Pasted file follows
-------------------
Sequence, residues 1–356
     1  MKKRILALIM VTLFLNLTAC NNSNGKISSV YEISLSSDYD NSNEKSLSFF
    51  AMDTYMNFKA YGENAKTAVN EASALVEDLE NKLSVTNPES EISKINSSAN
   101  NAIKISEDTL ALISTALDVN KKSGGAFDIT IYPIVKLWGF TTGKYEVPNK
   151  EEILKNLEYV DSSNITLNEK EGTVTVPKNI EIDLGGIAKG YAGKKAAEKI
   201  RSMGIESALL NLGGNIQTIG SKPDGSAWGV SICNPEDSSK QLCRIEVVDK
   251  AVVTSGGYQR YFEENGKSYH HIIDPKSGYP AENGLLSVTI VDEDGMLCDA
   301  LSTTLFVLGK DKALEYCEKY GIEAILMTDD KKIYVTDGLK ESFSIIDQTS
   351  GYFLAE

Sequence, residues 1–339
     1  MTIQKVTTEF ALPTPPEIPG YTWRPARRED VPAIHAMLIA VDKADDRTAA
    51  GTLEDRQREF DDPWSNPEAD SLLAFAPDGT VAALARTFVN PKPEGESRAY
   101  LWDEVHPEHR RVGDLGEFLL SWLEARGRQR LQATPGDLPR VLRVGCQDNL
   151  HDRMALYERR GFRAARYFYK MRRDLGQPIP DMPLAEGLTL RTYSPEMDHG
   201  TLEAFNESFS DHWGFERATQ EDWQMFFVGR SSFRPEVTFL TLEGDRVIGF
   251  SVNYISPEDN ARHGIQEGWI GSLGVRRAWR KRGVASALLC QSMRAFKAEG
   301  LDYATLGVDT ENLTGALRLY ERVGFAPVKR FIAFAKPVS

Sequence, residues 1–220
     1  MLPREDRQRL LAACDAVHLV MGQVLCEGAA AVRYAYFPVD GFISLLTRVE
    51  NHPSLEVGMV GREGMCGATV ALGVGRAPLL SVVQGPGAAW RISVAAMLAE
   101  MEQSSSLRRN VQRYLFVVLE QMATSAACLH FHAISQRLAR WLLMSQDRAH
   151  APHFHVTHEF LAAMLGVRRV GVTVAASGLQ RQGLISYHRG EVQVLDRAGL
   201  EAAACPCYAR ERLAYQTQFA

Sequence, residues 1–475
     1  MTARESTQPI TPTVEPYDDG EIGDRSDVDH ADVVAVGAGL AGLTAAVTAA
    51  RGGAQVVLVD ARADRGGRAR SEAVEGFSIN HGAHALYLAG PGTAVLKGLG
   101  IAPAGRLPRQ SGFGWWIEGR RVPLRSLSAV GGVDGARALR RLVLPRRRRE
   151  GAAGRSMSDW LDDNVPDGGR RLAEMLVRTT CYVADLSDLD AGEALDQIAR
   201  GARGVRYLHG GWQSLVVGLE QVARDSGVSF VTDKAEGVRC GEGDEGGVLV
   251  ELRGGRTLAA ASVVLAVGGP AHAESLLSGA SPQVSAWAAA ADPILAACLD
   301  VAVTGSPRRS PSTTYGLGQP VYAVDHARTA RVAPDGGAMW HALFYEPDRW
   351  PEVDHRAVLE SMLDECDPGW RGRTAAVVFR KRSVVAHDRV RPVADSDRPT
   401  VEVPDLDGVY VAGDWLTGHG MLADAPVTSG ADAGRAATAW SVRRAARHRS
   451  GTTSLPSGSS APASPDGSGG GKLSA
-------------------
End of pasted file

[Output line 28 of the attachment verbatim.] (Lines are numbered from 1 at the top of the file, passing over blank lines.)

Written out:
   151  GAAGRSMSDW LDDNVPDGGR RLAEMLVRTT CYVADLSDLD AGEALDQIAR